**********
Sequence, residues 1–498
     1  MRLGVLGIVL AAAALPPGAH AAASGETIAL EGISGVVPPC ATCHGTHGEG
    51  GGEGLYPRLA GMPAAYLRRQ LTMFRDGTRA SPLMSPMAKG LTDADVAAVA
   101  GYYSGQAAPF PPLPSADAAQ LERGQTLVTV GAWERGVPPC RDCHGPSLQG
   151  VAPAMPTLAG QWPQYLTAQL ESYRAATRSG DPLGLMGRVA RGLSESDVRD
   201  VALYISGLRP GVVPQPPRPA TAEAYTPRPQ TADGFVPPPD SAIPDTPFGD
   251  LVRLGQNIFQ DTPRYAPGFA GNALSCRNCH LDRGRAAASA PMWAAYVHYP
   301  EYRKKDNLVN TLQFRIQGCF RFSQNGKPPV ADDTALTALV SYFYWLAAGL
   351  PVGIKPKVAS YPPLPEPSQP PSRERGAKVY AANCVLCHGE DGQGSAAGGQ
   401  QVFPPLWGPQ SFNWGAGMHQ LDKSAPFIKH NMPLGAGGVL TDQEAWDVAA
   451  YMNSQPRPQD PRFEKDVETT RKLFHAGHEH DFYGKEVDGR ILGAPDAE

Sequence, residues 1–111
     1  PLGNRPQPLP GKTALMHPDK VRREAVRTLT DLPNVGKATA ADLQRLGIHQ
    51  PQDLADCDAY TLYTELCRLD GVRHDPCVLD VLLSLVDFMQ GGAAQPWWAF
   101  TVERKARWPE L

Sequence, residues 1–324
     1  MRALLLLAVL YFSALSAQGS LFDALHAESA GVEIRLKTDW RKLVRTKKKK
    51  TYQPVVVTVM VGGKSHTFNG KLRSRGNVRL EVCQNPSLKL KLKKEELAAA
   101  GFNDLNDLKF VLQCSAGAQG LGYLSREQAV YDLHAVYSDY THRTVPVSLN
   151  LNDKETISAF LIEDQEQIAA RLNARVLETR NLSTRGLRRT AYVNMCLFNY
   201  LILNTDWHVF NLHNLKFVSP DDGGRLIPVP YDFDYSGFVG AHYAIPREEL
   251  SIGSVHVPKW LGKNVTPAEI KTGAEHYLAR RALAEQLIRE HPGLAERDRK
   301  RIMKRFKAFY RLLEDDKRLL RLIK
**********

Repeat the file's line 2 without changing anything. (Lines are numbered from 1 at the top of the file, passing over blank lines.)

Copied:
     1  MRLGVLGIVL AAAALPPGAH AAASGETIAL EGISGVVPPC ATCHGTHGEG